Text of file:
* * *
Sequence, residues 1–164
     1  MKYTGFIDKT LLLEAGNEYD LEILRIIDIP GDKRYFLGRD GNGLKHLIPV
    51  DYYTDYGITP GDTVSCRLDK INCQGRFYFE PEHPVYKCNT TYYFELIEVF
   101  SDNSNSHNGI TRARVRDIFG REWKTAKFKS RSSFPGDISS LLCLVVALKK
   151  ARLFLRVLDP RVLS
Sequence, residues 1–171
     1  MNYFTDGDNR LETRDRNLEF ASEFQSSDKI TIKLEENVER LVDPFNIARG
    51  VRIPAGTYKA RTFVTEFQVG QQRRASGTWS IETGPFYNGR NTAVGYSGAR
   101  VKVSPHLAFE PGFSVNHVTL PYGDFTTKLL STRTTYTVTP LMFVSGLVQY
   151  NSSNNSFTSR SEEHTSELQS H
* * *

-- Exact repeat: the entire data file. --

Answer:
Sequence, residues 1–164
     1  MKYTGFIDKT LLLEAGNEYD LEILRIIDIP GDKRYFLGRD GNGLKHLIPV
    51  DYYTDYGITP GDTVSCRLDK INCQGRFYFE PEHPVYKCNT TYYFELIEVF
   101  SDNSNSHNGI TRARVRDIFG REWKTAKFKS RSSFPGDISS LLCLVVALKK
   151  ARLFLRVLDP RVLS
Sequence, residues 1–171
     1  MNYFTDGDNR LETRDRNLEF ASEFQSSDKI TIKLEENVER LVDPFNIARG
    51  VRIPAGTYKA RTFVTEFQVG QQRRASGTWS IETGPFYNGR NTAVGYSGAR
   101  VKVSPHLAFE PGFSVNHVTL PYGDFTTKLL STRTTYTVTP LMFVSGLVQY
   151  NSSNNSFTSR SEEHTSELQS H